City, county leaders answer questions about shelter, housing during community forum
BY ANDREAS BUTLER
Homelessness continues to be a blemish on American society. It’s also prevalent here in Daytona Beach and Volusia County.
An open question-and-answer forum on Tuesday about the homelessness and the planned First Step Shelter was held at Our Lady of Lourdes Catholic Church, 1014. N. Halifax Ave, Daytona Beach. It was hosted by the Daytona Beach News-Journal and moderated by Pat Rice, its editor.
Let the pros run it
Panelists included Daytona Beach Community Relations Manager, Dr. L. Ronald Durham; Volusia County Sheriff Mike Chitwood; Catholic Charities of Central Florida Executive Director Gary Tester; and Ormond Beach Mayor Bill Partington.
“Homelessness is a countywide issue that needs a countywide solution. If you let the government run this, it will screw it up,” Chitwood said.
“The government’s job is to open doors and let professionals and social organizations handle the situation.
Government then needs to get the information out and assist people in getting to these organizations. We have the professionals here. We need to let them do the work.”
‘One safe zone’
Charlie Welsh noted that two thirds of homeless people are homeless not by choice and asked the panel what are they doing for those in need right now, while they currently need help.
“We have one safe zone, which is an overnight place where individuals can be as long as they follow the rules. We are discussing creating another in another area,” noted Durham.
Where’s the help?
Linda Smiley questioned the panelists on how they plan to house the homeless as well. She asked why they won’t help built affordable housing instead of helping developers build “fancy and empty condos.’’
“People need to distinguish the difference between affordable and low-income housing they are not the same, they’re completely different. There are developers willing to do those projects. There are groups of people working on this issue and know how to get it done. We are in discussions in just about every municipality,” Partington responded.
Questions about shelter
John Wagner asked if people getting out of jail or prison who are homeless would be allowed to go to the First Step Shelter.
Durham responded, “Yes, they will as long as there is room but not if the facility was full.”
A ground-breaking ceremony for the First Step Shelter was held last week. The facility will be located on Red John Road off Highway 92 near the Volusia County branch jail.
The panel discussed various issues such as the status of the shelter, transportation to and from the facility, services it will provide, who qualifies to live in the facility, and more.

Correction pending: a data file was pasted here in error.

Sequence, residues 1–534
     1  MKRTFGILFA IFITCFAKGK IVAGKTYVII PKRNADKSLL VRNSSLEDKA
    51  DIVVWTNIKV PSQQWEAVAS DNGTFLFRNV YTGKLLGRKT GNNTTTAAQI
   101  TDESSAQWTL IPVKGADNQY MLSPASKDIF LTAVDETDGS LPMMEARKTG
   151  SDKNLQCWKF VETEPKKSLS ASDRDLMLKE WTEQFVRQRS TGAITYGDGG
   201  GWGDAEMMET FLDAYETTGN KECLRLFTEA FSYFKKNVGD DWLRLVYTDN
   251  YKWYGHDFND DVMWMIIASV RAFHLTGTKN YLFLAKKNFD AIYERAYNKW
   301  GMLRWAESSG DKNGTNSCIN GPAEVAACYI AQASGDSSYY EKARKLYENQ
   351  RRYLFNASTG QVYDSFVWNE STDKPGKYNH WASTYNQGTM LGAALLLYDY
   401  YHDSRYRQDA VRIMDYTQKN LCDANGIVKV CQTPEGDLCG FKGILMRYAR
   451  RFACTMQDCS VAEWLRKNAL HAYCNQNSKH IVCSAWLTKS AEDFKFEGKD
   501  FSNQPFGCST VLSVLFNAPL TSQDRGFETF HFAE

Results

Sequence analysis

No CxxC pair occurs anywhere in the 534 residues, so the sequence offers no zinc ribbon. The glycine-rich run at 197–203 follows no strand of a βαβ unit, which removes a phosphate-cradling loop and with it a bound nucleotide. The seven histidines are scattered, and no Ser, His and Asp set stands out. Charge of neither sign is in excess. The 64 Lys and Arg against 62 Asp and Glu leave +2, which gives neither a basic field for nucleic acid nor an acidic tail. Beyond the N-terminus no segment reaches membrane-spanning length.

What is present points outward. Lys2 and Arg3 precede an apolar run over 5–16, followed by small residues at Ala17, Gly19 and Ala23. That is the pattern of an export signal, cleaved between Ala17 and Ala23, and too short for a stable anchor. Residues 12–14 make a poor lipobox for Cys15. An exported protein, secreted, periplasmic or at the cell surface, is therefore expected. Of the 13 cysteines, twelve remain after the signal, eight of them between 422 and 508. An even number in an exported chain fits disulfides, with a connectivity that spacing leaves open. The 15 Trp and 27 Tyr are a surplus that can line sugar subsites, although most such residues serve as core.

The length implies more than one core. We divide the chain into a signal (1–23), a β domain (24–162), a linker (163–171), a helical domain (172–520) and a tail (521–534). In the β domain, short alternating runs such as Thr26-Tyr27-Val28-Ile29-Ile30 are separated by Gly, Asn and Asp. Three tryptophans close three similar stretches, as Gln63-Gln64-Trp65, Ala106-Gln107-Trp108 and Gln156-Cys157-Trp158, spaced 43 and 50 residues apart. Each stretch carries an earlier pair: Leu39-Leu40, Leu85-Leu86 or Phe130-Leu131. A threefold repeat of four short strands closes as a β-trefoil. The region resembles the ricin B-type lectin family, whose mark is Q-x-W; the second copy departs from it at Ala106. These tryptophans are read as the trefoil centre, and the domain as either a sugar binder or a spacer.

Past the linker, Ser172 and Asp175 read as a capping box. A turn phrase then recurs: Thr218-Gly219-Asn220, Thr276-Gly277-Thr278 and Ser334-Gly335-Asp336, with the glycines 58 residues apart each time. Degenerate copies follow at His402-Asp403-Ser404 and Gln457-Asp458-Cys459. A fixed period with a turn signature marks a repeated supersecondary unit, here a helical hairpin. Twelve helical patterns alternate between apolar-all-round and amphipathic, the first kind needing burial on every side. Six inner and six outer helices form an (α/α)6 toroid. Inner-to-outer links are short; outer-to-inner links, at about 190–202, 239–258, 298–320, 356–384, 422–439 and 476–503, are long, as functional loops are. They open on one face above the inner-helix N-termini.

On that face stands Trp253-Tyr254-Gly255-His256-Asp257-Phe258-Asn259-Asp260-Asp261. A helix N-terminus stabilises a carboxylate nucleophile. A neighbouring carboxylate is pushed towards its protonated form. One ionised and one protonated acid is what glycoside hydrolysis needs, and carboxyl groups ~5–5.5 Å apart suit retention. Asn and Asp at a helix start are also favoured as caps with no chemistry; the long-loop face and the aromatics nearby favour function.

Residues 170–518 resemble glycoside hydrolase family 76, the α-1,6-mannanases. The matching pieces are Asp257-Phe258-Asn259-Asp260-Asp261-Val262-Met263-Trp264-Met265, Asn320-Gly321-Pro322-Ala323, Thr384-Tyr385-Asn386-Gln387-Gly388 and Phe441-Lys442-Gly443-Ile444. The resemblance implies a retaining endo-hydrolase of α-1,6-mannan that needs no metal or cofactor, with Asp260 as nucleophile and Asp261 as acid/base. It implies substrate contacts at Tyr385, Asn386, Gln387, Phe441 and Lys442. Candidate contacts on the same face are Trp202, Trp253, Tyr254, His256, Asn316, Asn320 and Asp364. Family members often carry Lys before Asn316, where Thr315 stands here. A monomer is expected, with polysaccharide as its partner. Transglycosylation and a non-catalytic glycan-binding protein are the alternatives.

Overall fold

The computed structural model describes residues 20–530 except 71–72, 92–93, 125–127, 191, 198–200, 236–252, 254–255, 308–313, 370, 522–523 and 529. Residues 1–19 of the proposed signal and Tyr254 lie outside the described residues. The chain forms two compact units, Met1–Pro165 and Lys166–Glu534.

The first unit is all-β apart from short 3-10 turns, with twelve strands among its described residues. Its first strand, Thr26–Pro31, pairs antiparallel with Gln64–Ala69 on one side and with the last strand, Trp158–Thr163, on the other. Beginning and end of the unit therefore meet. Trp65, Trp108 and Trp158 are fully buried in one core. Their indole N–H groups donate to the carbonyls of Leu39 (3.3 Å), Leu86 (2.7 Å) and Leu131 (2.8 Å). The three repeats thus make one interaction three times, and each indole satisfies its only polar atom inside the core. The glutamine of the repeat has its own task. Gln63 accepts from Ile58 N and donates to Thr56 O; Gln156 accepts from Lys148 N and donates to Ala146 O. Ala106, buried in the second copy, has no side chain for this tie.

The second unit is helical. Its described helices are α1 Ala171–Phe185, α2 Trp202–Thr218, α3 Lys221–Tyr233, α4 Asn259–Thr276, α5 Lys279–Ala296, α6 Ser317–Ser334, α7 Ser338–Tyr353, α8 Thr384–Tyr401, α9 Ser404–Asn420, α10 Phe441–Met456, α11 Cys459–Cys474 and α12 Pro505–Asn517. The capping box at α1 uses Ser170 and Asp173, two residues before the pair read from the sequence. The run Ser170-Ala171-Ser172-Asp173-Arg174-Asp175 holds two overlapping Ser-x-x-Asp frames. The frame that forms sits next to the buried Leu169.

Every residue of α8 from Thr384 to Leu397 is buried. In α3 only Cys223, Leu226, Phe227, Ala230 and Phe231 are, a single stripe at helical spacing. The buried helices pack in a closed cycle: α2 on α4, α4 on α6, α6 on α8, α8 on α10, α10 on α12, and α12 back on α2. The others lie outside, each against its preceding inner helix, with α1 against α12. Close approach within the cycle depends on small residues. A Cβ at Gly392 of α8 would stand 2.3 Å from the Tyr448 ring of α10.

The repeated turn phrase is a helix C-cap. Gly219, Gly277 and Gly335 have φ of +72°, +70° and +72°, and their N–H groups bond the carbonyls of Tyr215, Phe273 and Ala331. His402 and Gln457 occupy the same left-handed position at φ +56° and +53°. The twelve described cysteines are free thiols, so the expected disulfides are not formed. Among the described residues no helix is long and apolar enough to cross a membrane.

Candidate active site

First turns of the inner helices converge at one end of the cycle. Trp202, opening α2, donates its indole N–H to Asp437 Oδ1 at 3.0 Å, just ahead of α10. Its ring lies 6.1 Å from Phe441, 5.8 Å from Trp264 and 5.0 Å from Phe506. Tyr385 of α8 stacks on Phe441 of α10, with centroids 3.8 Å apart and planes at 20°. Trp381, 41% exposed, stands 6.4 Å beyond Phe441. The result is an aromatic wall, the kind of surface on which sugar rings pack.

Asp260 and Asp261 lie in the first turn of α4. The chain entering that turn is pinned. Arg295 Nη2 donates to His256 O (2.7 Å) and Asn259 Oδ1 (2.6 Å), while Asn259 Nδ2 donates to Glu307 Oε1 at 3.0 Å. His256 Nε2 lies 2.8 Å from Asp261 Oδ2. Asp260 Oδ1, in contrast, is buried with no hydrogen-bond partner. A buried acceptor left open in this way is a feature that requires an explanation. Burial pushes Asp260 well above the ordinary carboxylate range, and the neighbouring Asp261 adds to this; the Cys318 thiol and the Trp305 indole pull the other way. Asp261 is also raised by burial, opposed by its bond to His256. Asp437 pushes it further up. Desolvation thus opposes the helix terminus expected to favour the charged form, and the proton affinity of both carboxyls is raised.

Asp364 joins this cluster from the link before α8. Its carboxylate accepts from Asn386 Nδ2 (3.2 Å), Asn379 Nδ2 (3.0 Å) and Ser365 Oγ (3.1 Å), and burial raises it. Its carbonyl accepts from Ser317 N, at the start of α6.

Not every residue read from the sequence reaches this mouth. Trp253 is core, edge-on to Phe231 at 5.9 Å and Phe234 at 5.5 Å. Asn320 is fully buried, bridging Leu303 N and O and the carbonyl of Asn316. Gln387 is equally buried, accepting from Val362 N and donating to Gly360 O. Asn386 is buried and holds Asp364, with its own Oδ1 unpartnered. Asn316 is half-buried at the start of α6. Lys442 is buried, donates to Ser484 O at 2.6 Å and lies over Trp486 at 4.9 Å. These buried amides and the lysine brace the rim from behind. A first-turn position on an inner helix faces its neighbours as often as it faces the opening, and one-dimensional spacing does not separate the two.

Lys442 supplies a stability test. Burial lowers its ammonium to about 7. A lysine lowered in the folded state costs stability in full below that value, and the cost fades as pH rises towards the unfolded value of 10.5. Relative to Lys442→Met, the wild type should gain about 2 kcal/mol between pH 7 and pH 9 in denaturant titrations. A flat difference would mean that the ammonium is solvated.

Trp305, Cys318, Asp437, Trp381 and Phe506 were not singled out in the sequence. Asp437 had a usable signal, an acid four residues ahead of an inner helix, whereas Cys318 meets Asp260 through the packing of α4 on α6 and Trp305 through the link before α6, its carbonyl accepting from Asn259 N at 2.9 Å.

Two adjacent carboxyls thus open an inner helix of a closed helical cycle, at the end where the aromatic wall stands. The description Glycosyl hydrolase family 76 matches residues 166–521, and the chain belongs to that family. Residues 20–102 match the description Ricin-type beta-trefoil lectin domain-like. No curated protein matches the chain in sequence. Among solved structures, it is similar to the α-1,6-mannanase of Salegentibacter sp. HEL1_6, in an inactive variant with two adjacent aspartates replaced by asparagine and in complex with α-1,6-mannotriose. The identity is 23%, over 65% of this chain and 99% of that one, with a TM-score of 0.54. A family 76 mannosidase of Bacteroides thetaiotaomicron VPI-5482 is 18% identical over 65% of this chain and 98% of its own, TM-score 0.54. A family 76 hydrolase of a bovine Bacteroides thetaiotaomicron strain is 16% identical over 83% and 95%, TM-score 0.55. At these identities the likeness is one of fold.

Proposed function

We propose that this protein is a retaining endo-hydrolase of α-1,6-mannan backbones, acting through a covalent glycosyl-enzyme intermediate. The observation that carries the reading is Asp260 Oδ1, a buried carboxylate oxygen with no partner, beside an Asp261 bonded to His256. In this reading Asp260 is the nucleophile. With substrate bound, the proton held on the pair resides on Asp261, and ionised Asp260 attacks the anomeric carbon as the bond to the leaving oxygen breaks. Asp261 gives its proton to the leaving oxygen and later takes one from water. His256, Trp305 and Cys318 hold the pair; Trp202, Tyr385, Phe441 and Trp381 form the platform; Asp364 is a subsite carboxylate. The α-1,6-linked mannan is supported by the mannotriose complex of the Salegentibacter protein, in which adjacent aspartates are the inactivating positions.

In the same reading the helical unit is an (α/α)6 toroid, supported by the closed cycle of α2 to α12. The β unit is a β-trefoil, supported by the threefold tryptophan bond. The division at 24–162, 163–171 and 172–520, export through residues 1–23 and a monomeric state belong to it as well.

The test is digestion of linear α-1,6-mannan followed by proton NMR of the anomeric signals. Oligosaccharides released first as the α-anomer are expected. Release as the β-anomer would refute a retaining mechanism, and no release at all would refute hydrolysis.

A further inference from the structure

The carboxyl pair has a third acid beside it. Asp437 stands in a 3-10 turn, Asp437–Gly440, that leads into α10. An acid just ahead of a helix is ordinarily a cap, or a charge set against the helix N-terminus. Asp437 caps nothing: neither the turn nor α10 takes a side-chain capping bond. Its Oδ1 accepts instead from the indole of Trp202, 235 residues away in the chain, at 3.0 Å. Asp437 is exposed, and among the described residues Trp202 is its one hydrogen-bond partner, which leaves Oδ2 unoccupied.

Scenes from early last year when the homeless flocked to a county administration building in Daytona Beach following the ending of the Bridge Bed program at the Salvation Army also were mentioned.
“When the Salvation Army ended their 180 program, we had moved 65 people into two hotels on US 1 for 10 days and worked on getting them jobs,” Durham explained.
“We couldn’t move 18 people, but we put them in Restoration House, a program that is still going and has helped many people. We are now building a comprehensive shelter and working on transportation to get people into the facility,” he added.
Panhandling also was addressed because residents are concerned about scores of homeless people with signs asking for money, work and help.
“There are laws that protect panhandling under the First Amendment under the Constitution. There isn’t much that can be done unless they get into threatening, violent or hindering behavior that threatens traffic and are arrested on the spot,” said Partington.
Chitwood added, “You used to be able to designate certain areas for panhandling but the Supreme Court ended that.”
Earlier that day, the First Step Shelter board of directors held a meeting.
They worked out an agreement with Catholic Charities of Central Florida to manage the facility.
“The biggest item on the agenda was the contract between the two entities. It was a long and tough process for both,” said Durham.
The City of Daytona Beach owns the building. The First Step Shelter, Inc. a 501©(3)non-profit organization, which oversees the facility, will pay Catholic Charities to manage, operate and maintenance the shelter.
The agreement gives Catholic Charities a $90,000 per year startup fee to be paid in monthly installments until the facility opens. When the facility opens, Catholic Charities get a management fee, which is 10 percent of the annual budget.
Design work underway
The city and architect team are reworking the design of the building. It was reported last week that the completion of construction would be pushed back from 2018 to 2019.
“We are looking to speed up the design process and construction itself. We are hopeful and confident that it will be built in 2018. That is our goal,” Durham related.
“We will do everything in our power to speed up that process. We are looking at incorporating city staff to help architect and final contractor to move the process along quickly as we possibly can.’’